I am a 31 year old female with Bipolar Disorder, ADD, and chronic anxiety. I have a sleep disorder that has been very difficult to treat with conventional medicine. I’m also a recovering addict. As you can imagine, I take a lot of medication and work closely with my therapist and my doctors. I have been sober since 2009, and I recently quit smoking after multiple failed attempts. I happen to smoke pot on a regular basis. I have not shared this information with my medical team. This is inherently deceitful, and it threatens the effectiveness of my psychiatric care. Yet, I have good reason to be afraid to be honest with my doctor.
The psychiatric field holds the false notion that marijuana is a “gateway drug” and “mood altering substance” that patients use to “self-medicate.” I have had several well-educated and well-intentioned medical professionals tell me that smoking pot “counteracts the medicine I take” and will lead to a “relapse into my addiction.” This stance on cannabis use is wholly inaccurate. It serves only to further the stigma against a safe and effective medical treatment.
There is solid research on the burgeoning field of medical cannabis. I have found valid and trustworthy research on the benefits of cannabis as an anti-psychotic. Personal experience has shown me that a small amount of marijuana helps with my nightmares and anxiety/irritability. Scientists are now able to separate out the many components of cannabis so that treatment can be tailored towards specific medical conditions. This includes the ability to remove THC so that addicts are less likely to become psychologically dependent.
Marijuana is slowly being accepted into the field of conventional medicine. It is only a matter of time before it becomes widely legalized for medical and/or recreational use. I look forward to the day that weed is available for more than just cancer and glaucoma. Until that day comes, I will continue to be fearful of the random “pee test” or routine traffic stop. I also, however, will continue to have more peaceful sleep and less anxiety.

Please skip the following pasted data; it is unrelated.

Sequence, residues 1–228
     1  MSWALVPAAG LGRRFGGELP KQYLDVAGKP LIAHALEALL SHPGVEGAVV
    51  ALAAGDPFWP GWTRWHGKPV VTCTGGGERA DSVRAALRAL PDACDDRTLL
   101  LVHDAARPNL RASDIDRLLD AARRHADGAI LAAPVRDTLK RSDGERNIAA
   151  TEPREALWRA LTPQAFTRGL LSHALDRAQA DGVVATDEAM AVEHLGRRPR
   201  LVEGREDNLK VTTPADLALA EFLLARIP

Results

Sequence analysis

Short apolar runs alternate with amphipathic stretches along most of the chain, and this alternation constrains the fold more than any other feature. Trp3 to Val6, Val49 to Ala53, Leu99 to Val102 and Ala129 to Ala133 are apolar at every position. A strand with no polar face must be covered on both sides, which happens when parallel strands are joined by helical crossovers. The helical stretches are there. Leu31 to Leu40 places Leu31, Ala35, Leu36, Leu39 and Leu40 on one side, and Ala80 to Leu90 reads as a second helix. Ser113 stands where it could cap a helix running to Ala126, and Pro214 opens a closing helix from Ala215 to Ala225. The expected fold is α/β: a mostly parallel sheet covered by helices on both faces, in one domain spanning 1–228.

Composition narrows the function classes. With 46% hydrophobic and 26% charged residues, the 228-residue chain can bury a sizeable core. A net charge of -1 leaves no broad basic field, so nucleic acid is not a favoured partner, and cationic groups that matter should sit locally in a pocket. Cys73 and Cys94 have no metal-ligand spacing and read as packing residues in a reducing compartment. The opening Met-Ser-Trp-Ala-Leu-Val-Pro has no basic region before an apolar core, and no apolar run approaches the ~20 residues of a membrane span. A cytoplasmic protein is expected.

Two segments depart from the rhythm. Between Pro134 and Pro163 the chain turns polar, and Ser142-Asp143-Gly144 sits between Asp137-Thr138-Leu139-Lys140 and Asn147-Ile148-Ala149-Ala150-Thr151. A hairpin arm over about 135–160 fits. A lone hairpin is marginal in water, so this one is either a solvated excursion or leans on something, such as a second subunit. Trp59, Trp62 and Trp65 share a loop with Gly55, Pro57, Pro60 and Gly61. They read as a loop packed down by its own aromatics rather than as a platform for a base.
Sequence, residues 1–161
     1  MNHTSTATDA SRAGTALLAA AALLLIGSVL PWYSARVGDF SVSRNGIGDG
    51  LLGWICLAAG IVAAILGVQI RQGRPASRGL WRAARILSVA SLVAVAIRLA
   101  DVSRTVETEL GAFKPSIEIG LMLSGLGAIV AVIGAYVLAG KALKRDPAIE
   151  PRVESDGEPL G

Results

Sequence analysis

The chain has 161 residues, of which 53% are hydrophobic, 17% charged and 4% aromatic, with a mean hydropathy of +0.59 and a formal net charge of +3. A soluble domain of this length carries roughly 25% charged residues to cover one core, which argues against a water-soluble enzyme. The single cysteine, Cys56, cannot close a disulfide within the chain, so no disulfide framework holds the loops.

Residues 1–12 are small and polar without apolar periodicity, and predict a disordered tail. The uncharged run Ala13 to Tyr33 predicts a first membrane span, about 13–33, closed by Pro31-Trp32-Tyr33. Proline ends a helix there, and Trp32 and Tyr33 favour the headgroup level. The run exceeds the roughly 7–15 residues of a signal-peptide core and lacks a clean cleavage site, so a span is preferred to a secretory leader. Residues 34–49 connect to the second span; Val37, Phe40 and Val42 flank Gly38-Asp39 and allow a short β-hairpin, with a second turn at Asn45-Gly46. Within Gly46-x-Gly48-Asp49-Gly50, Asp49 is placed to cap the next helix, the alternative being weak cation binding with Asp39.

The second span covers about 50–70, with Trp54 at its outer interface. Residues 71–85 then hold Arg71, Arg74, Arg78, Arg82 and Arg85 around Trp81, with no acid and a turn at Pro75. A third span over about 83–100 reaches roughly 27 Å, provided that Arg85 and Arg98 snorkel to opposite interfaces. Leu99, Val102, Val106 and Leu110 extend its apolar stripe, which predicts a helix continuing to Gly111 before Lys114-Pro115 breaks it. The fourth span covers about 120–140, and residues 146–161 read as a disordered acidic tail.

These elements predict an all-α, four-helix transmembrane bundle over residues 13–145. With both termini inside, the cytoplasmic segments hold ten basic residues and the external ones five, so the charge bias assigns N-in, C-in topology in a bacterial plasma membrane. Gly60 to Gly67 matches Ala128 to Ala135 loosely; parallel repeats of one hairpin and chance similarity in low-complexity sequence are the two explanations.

I predict that marijuana will be legal in all fifty states before the psychiatric field changes its unfair stance. I hope that I’m wrong…
If you think I’m crazy read this article and then read some more
I saw my shrink again the other day. It went pretty much as I expected it to, which in many ways is a good thing. I explained that the combination of adding Chantix and then quitting smoking changed my med levels dramatically. I “backed up” my theory by explaining the over-sleeping, chronic fatigue, and inability to lose weight. I handed him the lab reports — all normal — that my primary doctor ran, just to rule out a physical cause.
Dr. O not only agreed with me, he said he is actually surprised I haven’t gained more weight. It turns out, the medicine I take to help with my sleep problems is also prescribed for anorexia. No f***ing wonder my pants aren’t any looser! He then went on to say that he wanted to keep all of my meds the same, despite everything. I wasn’t at all surprised. Chantix is notorious for causing severe mood problems, so the fact that my mood has been (mostly) stable is a small miracle.
I walked out of the clinic lost in thought and retrospection. I’m bummed yet slightly proud of myself. I have another 4 months of Chantix — creative block and sexual side effects to boot. I most likely won’t be able to wear my “skinny clothes” this summer. I will probably spend a lot of beautiful days sleeping late and going to bed early, and I won’t be the most pleasurable company to keep. Yet, what a difference three years of experience can make! The “old me” wouldn’t have been able to handle feeling crappy for a few months. I would have argued with Dr. O in vain, only to make my own med changes… and the bricks would have come tumbling down.
Instead, I feel like the last-place runner in a marathon — the tortoise that wins the race. Even as I struggle to think positive and all the happy stuff I learned in therapy, I feel an inner drive that keeps pulling me back on track. Perhaps all those years of struggling — the vicious mood swings and frequent hospital stays — were worth it in the end.